Hotel Oaxaca Real
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Travel Blogs from Oaxaca
... but I can’t yet call her.
We can’t tell you how depressing it was to go to a grocery store with expectations of buying the fixings for local cuisine and seeing bananas from Venezuela, grapes from California (though, as Leah reminded me, most certainly picked by Mexican migrants), and of all things, melons from China. Ughh. Melons from China? Isn’t Mexico a great place for growing melons? My sociologist wife just looked at me ...
... echoes. Further, the layout of the buildings is extremely open. While you may walk through a door to a home that may seem enclosed, don’t let it fool you. As you begin to walk through the house (or school or hotel), you will find that there are winding staircases that weave between the indoors and outdoors. Further, there are several open spaces in the home, in which you can see straight through to the sky. It’s quite ...
... El Tule, Teotitlan, Mitlan, and Hierve del Agua. This was a very long day but we saw and learned a lot. El Tule is supposedly the largest tree by diameter in the world (over 11 meters). Teititlan is a Zapotec village specializing in some of the finest woven rugs in Mexico. All the wool is hand dyed with natural dyes and woven on a manual loom. We saw how the colors were achieved - pretty amazing that a white bug from a cactus when ...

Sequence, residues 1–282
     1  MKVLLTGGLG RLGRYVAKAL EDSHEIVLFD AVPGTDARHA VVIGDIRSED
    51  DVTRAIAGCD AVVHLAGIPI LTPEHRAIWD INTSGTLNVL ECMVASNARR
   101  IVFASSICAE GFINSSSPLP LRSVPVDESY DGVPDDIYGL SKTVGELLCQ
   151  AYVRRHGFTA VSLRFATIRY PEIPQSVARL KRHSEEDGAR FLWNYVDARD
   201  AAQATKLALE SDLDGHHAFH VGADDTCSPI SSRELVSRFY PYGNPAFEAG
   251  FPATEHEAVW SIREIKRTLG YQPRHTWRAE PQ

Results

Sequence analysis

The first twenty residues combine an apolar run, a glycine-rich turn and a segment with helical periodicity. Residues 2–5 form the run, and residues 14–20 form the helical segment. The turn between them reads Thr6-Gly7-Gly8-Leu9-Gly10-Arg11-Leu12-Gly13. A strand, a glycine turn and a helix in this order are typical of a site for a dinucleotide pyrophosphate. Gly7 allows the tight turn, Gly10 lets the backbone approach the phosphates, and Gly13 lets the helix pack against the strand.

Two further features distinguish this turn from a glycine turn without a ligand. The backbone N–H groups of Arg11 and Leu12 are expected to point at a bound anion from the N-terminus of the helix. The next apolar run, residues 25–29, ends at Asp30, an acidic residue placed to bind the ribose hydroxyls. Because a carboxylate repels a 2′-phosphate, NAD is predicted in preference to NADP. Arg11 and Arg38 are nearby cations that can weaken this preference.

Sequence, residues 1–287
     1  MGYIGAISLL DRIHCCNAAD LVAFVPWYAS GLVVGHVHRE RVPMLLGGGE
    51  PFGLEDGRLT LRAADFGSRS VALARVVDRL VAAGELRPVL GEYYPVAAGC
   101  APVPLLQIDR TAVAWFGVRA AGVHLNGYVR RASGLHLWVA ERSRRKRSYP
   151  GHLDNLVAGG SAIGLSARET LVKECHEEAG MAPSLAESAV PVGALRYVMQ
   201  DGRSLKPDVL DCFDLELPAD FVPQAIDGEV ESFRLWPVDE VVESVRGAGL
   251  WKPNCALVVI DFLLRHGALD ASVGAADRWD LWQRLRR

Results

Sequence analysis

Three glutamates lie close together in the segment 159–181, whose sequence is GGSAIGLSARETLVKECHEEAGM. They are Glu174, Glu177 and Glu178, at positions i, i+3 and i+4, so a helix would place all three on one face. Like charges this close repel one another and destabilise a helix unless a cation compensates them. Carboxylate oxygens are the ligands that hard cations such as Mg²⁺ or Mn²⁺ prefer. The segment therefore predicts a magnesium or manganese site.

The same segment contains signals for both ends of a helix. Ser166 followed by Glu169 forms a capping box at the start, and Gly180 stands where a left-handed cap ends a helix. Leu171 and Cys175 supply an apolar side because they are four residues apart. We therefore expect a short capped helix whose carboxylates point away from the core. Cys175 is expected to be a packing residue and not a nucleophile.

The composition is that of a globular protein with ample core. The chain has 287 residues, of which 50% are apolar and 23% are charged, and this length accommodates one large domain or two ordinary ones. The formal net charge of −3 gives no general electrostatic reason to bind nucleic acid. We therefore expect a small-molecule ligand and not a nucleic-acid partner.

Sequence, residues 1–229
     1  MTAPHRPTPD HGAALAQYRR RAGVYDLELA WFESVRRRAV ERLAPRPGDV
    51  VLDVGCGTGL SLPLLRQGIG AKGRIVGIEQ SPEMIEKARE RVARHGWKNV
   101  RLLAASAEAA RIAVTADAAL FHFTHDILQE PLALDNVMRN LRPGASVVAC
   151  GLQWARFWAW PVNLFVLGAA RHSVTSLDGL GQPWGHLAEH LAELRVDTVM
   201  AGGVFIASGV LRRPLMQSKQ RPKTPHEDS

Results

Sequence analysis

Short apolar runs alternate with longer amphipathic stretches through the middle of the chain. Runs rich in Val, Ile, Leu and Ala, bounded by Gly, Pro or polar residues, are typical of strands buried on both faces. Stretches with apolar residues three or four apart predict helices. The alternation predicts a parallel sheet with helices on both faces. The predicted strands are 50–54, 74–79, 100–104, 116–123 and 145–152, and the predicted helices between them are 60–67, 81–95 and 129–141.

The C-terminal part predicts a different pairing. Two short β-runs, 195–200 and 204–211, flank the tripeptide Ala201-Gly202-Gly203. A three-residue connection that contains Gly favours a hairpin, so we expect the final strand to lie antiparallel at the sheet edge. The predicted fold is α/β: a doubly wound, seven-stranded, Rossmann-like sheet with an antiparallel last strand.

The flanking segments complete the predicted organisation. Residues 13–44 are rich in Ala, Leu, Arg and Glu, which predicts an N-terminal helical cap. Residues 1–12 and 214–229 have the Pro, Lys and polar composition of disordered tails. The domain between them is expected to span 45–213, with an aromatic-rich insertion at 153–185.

... Demonstration über die Verarbeitung des Tones. Die Stücke werden in einer uralten Technik von Hand geformt , bei der zwei Untertassen als behelfsmässige Töpferscheiben dienen. Sie werden in einem Ofen gebrannt und färben sich durch den Rauch und das Eisenoxid im Ton schwarz. Der gesamte Prozess dauert ein Monat, denn der Ton muss zuerst 20 Tage trocknen bis er poliert und gebrannt werden kann.
3. Cuilapan: Ex Concento Dominicano
Cuilapan ist eine der wenigen ...
Whilst in Oaxaca, Manuela and I engaged in a touch of "sustainable tourism". The concept intrigued us and we were eager to hand our cash over to the little guy. Or rather in this case, little woman!
This is basically how it works: Tourists visit small businesswomen (no pun intended!) in the village of Teotitlan. They get to see what they make, how they make it, ask them questions, and if you want, buy or eat their wares. 100% of ...
How has this hotel rated in the past?
- Room service
- Free High-Speed Internet
- Swimming pool
- Wheelchair accessibility